African and African American Visual and Material Culture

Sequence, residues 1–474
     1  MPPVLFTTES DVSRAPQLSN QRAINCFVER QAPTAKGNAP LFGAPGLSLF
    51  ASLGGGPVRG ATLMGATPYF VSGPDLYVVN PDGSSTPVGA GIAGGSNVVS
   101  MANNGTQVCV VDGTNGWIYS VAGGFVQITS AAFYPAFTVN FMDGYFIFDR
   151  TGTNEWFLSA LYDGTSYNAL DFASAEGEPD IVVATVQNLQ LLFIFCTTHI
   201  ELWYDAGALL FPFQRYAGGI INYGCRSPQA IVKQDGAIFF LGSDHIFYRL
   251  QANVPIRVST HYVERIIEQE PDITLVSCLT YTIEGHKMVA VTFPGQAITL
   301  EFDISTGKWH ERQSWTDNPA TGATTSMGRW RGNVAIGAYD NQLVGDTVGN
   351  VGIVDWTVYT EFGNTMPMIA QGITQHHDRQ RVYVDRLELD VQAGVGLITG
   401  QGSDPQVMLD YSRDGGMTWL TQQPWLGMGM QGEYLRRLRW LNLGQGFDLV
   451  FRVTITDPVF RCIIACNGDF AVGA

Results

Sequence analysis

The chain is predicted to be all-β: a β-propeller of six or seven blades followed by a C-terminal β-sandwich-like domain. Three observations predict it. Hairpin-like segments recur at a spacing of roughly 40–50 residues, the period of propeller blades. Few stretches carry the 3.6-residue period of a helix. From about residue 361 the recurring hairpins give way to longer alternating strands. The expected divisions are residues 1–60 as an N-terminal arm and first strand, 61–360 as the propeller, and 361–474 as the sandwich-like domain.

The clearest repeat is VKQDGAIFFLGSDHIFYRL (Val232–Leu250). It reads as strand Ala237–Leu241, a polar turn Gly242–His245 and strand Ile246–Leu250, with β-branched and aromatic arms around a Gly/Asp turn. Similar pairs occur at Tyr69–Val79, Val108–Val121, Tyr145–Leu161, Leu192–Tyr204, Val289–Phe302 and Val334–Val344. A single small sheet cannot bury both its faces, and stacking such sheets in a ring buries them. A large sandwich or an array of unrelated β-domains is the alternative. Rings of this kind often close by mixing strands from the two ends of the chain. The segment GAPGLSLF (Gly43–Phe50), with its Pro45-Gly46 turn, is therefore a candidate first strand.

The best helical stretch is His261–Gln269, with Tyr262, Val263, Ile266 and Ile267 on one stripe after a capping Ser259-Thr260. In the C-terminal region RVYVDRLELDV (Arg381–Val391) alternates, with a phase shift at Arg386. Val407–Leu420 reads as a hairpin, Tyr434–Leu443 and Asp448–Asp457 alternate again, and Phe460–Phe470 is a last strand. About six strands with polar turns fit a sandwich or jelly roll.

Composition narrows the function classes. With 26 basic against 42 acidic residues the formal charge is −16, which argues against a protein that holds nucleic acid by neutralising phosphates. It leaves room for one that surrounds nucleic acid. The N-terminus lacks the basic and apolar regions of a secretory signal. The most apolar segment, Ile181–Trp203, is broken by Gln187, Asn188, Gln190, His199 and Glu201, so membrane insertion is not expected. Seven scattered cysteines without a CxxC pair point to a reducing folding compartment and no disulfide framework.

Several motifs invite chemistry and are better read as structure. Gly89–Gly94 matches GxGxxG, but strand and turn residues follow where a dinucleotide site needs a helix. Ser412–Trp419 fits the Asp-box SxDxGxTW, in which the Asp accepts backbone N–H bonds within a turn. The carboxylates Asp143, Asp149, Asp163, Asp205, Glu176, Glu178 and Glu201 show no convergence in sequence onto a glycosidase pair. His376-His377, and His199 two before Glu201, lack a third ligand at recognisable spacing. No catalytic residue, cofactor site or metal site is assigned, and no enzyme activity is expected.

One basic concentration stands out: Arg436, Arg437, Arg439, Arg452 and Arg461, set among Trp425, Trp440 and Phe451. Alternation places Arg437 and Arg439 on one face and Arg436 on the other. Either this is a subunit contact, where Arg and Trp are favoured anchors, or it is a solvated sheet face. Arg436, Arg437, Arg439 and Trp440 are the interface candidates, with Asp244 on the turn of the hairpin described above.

Due in part to curatorial efforts and public interest, African, African-American, and Black Diaspora visual and material culture have garnered renewed academic interest and currency. This course studies the longstanding and largely unheralded story about the cultural production of visual and material culture within the context of late nineteenth- and twentieth-century African, African-American, and Black Diaspora history. Students will explore a range of visual media, including photography, painting, sculpture, and multi-media art in addition to the professional biographies and trajectories of selected artists, the material and historical contexts artists worked and exhibited, modes of art education and art criticism, and the ways in which studied forms of cultural production enter into global circulation. The contemporary moment offers new opportunities to reflect on longstanding yet often marginalized historical and social practices of art making and viewing in Africa, the Americas, and the Black Diaspora, including (but not limited to) the material contexts and socio-political conditions under which artists organize themselves in order to represent and shape the course of history; how people make use of visual and material culture in moments of political, economic, and social uncertainty; and, how artists and curators alike (re)-create these histories of representation and use in galleries, biennales, and museums through varied modes of display. This course will introduce students to the conceptual and methodological developments of the discipline of African, African-American, and the Black Diaspora visual and material culture. Key themes include the role of visual and material culture in shaping historical knowledge and the representation of Africa and the Black Diaspora and the politics and histories associated with exhibiting the visual and material objects studied. Students will leave with an enhanced knowledge of the field’s origins and evolution as well of the field’s major artists, writers, and their respective creative projects. 3 Credits. Satisfies the non-Western requirement.